God knows Tomb Raider on PS1 wasn’t exactly Mensa material, but the hidden tombs of the latest game really show how low the bar for player agency has become. Presented as intricate and complex side adventures, in reality the bonus tombs each consist of little more than a single puzzle that requires you to apply basic game mechanics in a slightly more complex fashion than the designers dare to expect of you along the critical path. Any seasoned fan of the series can walk into these “challenging” bonus areas and deduce the solution at a glance… and just in case you take more than about two minutes to complete the task at hand, you get an on-screen prompt telling you to use Lara’s Detective Vision 2 to show you the solution. The message is clear: Please don’t hate this video game. You’re super-duper smart!!

The hidden tombs in Tomb Raider are practically identical in scope to the random puzzle caverns in The Legend of Zelda: A Link Between Worlds. Of course, the difference there is that the caverns in that game are littered throughout the overworld and aren’t presented as any big deal — just another way to earn an extra hundred rupees by figuring out an advanced application of your tools. Here, they’re presented with such fanfare as to come off as some sort of misaimed attempt to appease old fans, which is like Paul and Ringo wheezing their way through a couple of ’60s standards and calling it a long-awaited Beatles reunion.

“Are you not entertained!?” crow the producers. “Meh,” reply the fans, turning back to Dark Souls or whatever other rare creature they can find that taps into their primal urge to absorb themselves in a demanding game world. The producers shrug in turn and look at financials and calculate ways they can tap into a much larger audience than that grumpy handful of legacy fans, who don’t represent enough of a demographic to justify triple-A budgets. “Skyrim is the answer,” they smile to themselves, blithely unaware that the “it plays like Skyrim!” schtick they’re about to start peddling for the upcoming sequel is as worn out after last year’s E3 showing — all open-world, all the time! — as the “it plays like Uncharted!” line they presented for the last Tomb Raider was after E3 2011.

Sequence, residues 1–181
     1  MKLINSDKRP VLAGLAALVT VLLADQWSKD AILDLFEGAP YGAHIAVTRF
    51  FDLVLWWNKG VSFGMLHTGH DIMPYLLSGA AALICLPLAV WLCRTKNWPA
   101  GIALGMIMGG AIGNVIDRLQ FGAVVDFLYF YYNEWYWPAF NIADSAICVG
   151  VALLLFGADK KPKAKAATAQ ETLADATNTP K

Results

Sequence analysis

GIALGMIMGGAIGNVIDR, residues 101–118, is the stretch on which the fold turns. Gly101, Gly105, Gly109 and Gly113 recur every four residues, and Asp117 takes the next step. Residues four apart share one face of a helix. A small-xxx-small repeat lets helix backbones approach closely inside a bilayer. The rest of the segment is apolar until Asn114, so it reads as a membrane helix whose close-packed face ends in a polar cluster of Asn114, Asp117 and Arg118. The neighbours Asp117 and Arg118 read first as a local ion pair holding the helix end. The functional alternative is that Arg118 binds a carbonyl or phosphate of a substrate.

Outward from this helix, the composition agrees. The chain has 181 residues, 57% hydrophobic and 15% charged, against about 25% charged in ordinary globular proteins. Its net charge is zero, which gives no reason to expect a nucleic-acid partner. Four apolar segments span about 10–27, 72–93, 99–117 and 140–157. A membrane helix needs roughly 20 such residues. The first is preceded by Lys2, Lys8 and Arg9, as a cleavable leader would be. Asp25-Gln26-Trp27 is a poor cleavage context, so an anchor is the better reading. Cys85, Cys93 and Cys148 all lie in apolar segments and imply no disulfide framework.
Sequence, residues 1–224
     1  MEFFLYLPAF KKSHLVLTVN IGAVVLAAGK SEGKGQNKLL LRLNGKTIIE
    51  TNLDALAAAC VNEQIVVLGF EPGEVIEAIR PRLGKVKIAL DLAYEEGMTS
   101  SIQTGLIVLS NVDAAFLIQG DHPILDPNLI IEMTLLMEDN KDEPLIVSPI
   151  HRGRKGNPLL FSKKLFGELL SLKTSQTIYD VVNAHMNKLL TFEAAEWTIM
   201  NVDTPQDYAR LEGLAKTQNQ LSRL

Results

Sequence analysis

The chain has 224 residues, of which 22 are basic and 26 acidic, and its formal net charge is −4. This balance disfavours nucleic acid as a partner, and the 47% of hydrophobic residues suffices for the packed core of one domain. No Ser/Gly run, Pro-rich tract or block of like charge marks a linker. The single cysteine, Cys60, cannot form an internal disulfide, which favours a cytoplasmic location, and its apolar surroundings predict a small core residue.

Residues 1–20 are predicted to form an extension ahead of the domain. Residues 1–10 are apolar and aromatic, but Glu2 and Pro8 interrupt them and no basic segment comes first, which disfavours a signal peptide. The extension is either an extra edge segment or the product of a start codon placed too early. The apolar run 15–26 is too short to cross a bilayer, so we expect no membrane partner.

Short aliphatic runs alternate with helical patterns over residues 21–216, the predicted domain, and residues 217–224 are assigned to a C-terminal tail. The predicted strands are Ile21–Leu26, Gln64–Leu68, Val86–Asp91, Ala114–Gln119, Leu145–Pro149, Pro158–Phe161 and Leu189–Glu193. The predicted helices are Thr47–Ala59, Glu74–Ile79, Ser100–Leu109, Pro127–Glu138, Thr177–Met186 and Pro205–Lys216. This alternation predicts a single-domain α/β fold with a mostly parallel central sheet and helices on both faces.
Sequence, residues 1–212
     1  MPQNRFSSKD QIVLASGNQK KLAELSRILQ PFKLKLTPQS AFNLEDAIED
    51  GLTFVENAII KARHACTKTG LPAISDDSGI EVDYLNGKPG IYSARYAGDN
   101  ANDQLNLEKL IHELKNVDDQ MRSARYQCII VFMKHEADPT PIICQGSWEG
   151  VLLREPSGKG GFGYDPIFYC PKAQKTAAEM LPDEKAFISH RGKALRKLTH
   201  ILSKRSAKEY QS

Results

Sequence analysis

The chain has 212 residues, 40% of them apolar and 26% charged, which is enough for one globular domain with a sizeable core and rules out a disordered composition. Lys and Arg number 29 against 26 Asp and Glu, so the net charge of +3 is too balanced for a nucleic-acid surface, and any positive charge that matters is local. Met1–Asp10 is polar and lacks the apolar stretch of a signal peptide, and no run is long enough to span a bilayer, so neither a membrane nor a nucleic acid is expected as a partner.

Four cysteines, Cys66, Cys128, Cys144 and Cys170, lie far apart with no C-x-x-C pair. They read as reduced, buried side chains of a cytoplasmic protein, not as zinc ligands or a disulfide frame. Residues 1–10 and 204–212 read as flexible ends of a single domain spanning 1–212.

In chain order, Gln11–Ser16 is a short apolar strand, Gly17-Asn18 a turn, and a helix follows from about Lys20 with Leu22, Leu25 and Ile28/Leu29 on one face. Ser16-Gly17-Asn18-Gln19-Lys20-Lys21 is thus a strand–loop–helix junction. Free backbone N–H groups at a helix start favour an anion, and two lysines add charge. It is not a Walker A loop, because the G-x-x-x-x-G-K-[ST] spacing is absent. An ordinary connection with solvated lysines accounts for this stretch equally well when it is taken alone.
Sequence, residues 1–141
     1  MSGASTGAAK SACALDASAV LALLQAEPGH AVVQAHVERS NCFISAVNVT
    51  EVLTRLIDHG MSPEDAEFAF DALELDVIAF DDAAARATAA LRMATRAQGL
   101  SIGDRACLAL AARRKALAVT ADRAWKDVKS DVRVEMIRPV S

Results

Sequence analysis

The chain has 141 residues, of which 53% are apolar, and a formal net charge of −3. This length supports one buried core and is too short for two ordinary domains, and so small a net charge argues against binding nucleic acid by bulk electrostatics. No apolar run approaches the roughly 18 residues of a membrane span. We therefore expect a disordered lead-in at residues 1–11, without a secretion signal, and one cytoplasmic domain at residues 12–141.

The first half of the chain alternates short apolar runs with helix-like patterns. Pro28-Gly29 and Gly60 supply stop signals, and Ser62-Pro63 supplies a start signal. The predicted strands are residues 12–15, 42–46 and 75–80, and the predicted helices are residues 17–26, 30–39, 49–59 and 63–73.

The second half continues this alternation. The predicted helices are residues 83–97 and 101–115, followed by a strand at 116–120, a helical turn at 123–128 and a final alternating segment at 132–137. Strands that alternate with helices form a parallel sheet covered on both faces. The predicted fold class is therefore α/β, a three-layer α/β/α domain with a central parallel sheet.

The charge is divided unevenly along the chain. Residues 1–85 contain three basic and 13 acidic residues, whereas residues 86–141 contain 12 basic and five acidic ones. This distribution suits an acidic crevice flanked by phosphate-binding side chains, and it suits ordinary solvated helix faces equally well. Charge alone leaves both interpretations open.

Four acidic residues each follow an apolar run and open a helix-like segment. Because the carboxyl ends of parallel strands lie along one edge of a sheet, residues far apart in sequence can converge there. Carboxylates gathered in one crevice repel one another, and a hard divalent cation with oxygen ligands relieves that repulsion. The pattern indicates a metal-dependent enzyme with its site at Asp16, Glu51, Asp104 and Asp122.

Of course, Crystal Dynamics already had the solution to the Tomb Raider playability conundrum in their grasp: They solved it perfectly with Tomb Raider: Anniversary, which updated the mechanics and layouts of the 32-bit original to feel more contemporary. For whatever reason, though, they threw all that out in favor of a game where the environments are so unintuitively designed that they had to highlight the interactive bits, where eyeballing viable jumps is so unreliable that checkpoints dot the landscape to compensate for your inevitable failures, where the game explicitly counts the numbers of tombs raided 3 despite the fact that said tombs are so slight (and the “hidden” areas literally pointed out with arrows painted all over the environment screaming, “HEY! SECRET HERE!”) that the puzzles within would barely constitute an insignificant middle-of-the-level room in the older games. But at least the leveling system gives you fine control over how personally and bloodily you can murder several hundred people while trying to rescue the princess (or reincarnation of the Sun Queen, same diff), right? And the ouroboros continues to choke on its own tail.

For all that, there are parts of the new Tomb Raider I enjoy. In terms of beloved franchises having their corpses desecrated, this ranks as little more than someone enjoying a picnic on its grave compared to the indignities inflicted on certain other classic series. But man, talk about a games industry trend I could live without. What’s so shameful about a game you play rather than simply experience?

1 For the record, the secondary reviewer has no impact on the score; that’s entirely the main reviewer’s call.

2 Detective Vision courtesy of Batman: Arkham Asylum, published 2009 Eidos Interactive/Square Enix.

3 “It’s like some kind of… star trek.

Posted in Anatomy of a Game, Games. Tagged with , .

26 Responses